For more than 20 years I’ve compiled a list of predictions for the year ahead in the food world. For the first time this year, I decided to “grade” myself on how accurate (or not) my figurative crystal ball was. It’s a way for all of us to reflect on what’s occurred in the past year that we might have already forgotten about and what we need to be on the lookout for in the coming year.
Trend: Mindfulness (Got It Right)
Mindfulness reflected a new consumer attitude to
truly understand everything possible about a particular
food or beverage and, in turn, support those brands,
companies or retailers with repeat purchases. Innova
Market Insights reported that 7 out of 10 U. S. and U.K.
consumers want to know and understand product
ingredients. Food and beverage brand introductions that
feature ethical claims on their packages have increased
sevenfold since 2010, and these human, environmental
and animal ethical claims continue to grow in popularity.
Today’s new food leaders are driven by a new set of
corporate values: social conscience, health and wellness,
enhanced nutrition and life hacking. And yes, they also
want to make money—big money.
Trend: Tactile (Got It Right, With a Twist)
It’s all about being involved. Feeling and hearing a
connection is more important in food than ever. First
came a more intellectual connection to our foods,
and now it gets physical. With the onslaught of “food
information overload,” we now need grounding.
There is no profession more tactile than a chef—one
of the reasons for the initial boom of meal kits, which
quickly faded as customers reacted negatively to their
I predicted that poke bowl restaurants offering a
variety of colors and textures would pop up everywhere,
and they have. But now I predict we will see many
closures as restaurants haven’t offered enough variety.
However, retailers such as Gelson’s, which have installed
self-service poke bars that invite shoppers to make their
own combinations, should continue to do well.
I forecasted that 3D printing would create more
tactile food experiences and make production methods
more efficient and less wasteful in departments such
as in-store bakeries, where customers order cakes with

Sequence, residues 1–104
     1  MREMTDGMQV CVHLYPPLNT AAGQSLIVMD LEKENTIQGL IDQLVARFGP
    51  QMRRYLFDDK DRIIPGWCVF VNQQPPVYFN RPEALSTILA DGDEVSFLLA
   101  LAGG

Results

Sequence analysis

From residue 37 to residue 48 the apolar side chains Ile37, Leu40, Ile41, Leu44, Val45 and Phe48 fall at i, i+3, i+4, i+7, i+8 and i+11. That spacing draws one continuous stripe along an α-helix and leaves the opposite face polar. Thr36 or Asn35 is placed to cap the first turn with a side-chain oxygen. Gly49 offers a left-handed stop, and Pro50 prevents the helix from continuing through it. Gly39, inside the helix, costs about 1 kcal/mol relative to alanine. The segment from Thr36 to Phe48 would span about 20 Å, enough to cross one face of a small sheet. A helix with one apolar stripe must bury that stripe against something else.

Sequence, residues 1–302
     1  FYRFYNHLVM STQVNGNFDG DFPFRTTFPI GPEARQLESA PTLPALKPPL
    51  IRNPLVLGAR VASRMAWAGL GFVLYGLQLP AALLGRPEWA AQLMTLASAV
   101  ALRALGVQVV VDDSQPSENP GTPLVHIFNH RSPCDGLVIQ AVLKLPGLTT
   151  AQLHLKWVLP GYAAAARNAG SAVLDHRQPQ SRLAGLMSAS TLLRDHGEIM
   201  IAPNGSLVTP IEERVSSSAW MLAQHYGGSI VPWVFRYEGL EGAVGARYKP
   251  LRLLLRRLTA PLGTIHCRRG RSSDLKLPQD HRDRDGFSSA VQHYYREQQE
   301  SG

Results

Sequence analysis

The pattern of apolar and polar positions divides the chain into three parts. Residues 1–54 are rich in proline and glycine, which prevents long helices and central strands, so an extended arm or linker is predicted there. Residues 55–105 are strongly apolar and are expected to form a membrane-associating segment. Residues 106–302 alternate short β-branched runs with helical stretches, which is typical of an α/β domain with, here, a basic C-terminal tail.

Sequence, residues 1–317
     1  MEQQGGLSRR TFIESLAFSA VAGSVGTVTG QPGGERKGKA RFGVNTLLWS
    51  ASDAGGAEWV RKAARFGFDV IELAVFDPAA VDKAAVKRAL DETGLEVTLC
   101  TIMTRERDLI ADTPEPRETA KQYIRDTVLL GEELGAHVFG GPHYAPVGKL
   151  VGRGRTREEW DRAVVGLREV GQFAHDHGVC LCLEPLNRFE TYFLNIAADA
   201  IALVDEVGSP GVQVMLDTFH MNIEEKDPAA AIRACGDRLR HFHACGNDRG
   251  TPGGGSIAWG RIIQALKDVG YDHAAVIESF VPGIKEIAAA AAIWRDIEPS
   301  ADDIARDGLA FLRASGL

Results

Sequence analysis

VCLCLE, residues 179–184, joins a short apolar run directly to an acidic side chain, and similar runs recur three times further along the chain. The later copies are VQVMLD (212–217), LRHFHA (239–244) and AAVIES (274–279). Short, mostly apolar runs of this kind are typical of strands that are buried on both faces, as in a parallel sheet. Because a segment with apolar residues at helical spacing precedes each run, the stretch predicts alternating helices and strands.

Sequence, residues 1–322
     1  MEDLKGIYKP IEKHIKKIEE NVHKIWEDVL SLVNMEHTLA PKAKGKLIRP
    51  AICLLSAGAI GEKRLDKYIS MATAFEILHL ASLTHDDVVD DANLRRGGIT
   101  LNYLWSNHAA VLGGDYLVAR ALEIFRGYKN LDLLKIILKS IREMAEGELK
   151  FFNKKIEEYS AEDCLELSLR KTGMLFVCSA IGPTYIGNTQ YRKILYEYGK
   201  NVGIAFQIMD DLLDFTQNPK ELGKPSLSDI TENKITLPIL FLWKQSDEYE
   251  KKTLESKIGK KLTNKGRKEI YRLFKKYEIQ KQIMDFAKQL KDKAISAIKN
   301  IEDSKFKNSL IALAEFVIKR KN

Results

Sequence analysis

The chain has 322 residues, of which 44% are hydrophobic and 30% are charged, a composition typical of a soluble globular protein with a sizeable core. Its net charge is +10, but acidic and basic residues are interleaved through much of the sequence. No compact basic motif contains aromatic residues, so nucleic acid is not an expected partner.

exact ingredients and designs. While I haven’t seen a lot
of commercialization of this technology at retail, I still
stand by this prediction for 2019.
Trend: Farming (Got It Right)
A new breed of younger farmers is entering the fields.
The U.S. Department of Agriculture’s latest Census of
Agriculture reports the number of farmers under age
35 is increasing, which is only the second time that’s
happened since 1900. Of these new farmers, 69% have
college degrees, far higher than the 40% penetration for
the general population. Younger, smarter farmers are
bringing us into a new era of agriculture and technology.
Trend: Biohacking (Almost Got It Right)
Biohacking creates a science for more individualized
nutrition and products based on DNA. While companies
such as 23andMe, Habit and GenoPalate are selling
nutrition guidance reports, no one (yet) is using them to
customize foods, which could be huge.
Trend: Technofoodology (Got It Right)
The combination of the internet of things and food is
here. Alexa, Google Home and Sonos are ushering in
new ways to buy food; we can easily replenish our homes
by asking Alexa to reorder from Amazon and other
retailers such as Sheetz, which now offers “
made-to-order foods” from all of its 564 c-stores stores on Alexa.
So how did I do? I’ll give myself a solid “B,” but I’m
curious to know what grade you would give me. Let me
know at email@example.com.
Forecast: Hit or Miss?
Assessing how 2018 food world predictions fared
one year later. By Phil Lempert
Phil Lempert, also known as
the Supermarket Guru, is a
leading food marketing and
consumer trends analyst for
the grocery and retail sectors.
The latest news, analysis and trends from an industry expert